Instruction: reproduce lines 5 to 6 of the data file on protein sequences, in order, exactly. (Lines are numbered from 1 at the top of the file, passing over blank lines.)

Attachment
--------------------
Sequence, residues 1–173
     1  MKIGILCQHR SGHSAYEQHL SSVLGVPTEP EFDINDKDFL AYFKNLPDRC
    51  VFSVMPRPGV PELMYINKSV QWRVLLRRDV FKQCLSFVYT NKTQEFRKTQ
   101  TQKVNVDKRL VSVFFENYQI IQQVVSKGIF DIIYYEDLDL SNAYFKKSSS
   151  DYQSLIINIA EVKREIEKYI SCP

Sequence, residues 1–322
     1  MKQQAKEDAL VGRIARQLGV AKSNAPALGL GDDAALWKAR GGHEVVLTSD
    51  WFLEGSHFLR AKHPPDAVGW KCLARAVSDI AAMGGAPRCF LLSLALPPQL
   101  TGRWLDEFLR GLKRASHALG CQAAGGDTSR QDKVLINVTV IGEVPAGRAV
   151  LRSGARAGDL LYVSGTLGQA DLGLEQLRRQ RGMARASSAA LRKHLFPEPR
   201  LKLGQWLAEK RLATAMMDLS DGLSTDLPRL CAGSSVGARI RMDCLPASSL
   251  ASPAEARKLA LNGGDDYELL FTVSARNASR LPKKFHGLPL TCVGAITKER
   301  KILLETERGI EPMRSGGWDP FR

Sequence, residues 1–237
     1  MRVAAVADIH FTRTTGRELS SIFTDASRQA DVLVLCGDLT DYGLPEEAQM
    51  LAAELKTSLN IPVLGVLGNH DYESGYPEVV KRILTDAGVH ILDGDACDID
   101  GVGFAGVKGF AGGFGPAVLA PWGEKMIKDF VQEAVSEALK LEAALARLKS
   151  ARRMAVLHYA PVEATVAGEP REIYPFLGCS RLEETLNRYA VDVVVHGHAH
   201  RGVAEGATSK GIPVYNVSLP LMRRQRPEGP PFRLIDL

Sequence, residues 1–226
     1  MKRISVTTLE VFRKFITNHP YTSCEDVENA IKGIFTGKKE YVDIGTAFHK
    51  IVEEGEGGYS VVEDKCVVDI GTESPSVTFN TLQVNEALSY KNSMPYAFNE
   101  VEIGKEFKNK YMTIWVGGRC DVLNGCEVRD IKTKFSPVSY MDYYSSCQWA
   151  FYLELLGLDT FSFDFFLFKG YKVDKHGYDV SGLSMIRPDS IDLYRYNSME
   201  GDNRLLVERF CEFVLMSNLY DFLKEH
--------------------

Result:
   151  DYQSLIINIA EVKREIEKYI SCP

Sequence, residues 1–322